Senators Say Study Abroad Prepares U.S. Students to Compete Globally
U.S. Senators Roger Wicker, R-Miss., and Dick Durbin, D-Ill., have re-introduced legislation that creates a competitive grant program for colleges and universities to expand study abroad opportunities for American college students and encourage more minority, low-income, and non-traditional students to spend part of their undergraduate experience abroad. The Senator Paul Simon Study Abroad Program Act would help to improve young Americans’ language skills and cultural competency. Named after the late Illinois Senator Paul Simon, a champion of multilingualism who campaigned to extend the benefits of study abroad, this bill aims to increase the number of undergraduate students studying abroad annually to one million within ten years. Currently, less than two percent of all enrolled post-secondary students in the U.S. study abroad.
“Our nation benefits in the long run when students have the opportunity to study abroad,” Senator Wicker said. “No one can predict what the world will look like in 10, 20, or 30 years. A better understanding of global issues and the global economy helps prepare our young leaders to succeed, regardless of what the future holds.”
“Senator Paul Simon understood the importance of fostering global awareness and understanding in an increasingly complicated and interconnected world. The next generation of American leaders will have to navigate a globally competitive economy and work with people from vastly different cultural backgrounds to tackle the world’s problems,” said Senator Durbin. “By investing in international exchange, we can better prepare our youth and our country for the world of tomorrow.”
Senator Durbin first introduced this legislation in 2006 as the Abraham Lincoln Study Abroad Act based on the recommendations of the Commission on the Abraham Lincoln Study Abroad Fellowship Program – of which Durbin was a member.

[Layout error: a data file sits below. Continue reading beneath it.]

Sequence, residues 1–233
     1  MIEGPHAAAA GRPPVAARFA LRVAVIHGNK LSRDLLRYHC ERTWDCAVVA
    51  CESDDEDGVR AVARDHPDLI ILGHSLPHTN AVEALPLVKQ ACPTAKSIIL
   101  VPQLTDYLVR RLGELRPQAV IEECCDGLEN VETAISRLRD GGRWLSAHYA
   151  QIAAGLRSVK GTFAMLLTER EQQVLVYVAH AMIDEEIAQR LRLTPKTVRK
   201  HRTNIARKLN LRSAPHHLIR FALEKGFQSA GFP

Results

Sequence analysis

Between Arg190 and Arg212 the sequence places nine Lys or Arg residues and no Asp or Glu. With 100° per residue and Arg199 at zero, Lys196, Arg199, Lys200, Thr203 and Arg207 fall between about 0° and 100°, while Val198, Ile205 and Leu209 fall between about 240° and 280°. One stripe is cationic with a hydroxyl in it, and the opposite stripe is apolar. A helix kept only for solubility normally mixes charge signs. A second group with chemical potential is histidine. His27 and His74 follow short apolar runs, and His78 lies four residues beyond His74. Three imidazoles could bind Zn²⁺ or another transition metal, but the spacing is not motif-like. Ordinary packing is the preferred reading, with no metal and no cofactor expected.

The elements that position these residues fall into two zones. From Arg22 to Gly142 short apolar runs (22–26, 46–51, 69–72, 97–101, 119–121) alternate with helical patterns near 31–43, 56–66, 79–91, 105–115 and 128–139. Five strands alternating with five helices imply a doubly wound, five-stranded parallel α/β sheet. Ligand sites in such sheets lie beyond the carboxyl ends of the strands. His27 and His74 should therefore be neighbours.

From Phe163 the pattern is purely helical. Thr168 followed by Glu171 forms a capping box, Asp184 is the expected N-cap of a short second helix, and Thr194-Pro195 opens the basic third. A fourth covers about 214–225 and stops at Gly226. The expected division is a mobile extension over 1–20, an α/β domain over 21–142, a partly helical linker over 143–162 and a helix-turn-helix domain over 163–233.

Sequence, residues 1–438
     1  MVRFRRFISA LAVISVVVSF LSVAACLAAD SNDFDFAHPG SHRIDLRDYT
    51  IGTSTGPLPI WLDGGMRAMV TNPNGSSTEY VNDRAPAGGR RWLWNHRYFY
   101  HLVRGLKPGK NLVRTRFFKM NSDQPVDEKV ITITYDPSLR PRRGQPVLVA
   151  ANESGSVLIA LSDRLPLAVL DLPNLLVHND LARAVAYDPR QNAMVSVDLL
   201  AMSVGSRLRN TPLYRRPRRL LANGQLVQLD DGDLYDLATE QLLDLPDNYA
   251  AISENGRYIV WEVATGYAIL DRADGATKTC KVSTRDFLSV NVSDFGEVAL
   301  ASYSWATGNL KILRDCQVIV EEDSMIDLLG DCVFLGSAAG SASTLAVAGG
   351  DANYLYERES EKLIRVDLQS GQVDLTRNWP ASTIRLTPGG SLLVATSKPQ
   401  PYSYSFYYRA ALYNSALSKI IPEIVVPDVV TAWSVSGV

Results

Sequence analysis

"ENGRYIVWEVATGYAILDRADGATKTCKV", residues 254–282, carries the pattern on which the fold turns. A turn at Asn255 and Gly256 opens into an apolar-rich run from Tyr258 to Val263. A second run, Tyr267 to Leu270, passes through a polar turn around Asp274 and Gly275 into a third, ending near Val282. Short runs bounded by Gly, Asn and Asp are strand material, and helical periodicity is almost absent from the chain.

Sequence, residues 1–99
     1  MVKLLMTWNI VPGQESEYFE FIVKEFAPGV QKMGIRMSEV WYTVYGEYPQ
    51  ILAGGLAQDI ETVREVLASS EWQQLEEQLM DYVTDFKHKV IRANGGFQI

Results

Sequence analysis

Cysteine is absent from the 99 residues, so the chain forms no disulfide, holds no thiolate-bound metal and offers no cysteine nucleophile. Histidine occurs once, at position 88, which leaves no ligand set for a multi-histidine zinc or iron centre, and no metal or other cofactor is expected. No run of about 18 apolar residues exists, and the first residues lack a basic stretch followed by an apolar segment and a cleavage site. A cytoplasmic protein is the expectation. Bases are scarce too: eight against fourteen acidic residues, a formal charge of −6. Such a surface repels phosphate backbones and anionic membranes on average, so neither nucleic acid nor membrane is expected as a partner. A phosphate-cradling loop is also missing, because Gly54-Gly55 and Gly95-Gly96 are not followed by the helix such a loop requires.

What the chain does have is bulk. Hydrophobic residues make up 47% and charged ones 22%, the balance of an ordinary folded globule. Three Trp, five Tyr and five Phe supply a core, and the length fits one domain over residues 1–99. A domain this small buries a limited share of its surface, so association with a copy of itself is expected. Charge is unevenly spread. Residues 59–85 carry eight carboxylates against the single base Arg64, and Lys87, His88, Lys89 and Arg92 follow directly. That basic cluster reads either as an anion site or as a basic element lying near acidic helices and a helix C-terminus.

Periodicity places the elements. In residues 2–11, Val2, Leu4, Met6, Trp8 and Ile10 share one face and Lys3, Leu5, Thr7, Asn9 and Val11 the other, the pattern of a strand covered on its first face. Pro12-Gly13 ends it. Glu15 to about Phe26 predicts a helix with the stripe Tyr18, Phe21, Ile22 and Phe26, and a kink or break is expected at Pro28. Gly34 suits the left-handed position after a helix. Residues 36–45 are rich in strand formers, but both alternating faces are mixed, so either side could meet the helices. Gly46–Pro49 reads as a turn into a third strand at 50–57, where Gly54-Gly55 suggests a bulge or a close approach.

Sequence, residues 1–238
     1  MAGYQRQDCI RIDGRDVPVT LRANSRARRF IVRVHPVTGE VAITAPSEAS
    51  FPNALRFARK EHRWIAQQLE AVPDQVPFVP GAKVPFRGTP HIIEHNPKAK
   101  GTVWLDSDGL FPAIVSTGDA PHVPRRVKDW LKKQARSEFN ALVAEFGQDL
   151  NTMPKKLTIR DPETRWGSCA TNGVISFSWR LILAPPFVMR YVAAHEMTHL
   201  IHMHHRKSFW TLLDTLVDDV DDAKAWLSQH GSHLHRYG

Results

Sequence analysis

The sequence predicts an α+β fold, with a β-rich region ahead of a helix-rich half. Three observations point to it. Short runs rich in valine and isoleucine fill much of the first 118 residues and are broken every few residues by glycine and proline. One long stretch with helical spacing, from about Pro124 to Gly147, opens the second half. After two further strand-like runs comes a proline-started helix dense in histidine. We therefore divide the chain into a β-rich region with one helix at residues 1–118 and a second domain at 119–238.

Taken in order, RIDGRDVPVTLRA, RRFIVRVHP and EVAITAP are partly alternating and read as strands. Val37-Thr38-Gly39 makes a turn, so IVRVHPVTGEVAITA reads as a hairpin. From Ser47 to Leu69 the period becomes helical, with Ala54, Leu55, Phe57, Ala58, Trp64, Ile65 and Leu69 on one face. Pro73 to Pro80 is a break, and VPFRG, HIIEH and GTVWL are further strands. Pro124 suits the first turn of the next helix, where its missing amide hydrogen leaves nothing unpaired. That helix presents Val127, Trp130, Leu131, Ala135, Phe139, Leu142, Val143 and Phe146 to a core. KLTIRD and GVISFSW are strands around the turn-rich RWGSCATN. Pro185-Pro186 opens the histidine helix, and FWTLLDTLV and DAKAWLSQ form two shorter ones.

Under this cost-effective model, higher education institutions could apply for competitive grants, individually or in consortium, to help them institute programs that would expand access for study abroad across the country.
The Simon Act would encourage higher education institutions to address the on-campus factors that most heavily impact study abroad participation – curriculum, faculty involvement, institutional leadership, and programming – by making a commitment to institutional reform a prerequisite for access to federal funds. The legislation would create a national program within the Department of Education to establish study abroad as the norm, not the exception, for undergraduate students. By leveraging institutional reform, the bill aims to democratize study abroad in the U.S. and to make it an integral part of the 21st-century education of American college students.
The bill is supported by Language Magazine, NAFSA: Association of International Educators, the Association of Public and Land-grant Universities, Partners of the Americas, the American Council on Education, the American Association of Community Colleges, the Forum on Education Abroad, the Hispanic Association of Colleges and Universities, and the Association of American Universities.
“This legislation is mission-critical to America’s efforts to secure its economic future and launch a new era in our country’s global engagement,” said NAFSA: Association of International Educators Executive Director and CEO Marlene M. Johnson. “To become more globally competitive and to build partnerships around the world, we urgently need Americans with a much deeper understanding of and ability to communicate with the world beyond our shores. Cross-cultural competency and global experience are widely recognized as essential skills in today’s job market and the keys to innovation in the global economy. We need to invest wisely in our colleges and universities, and therefore our students, to meet these national needs. We applaud Senators Durbin and Wicker for their strong leadership and urge Congress to act quickly to advance this very important and visionary bill.”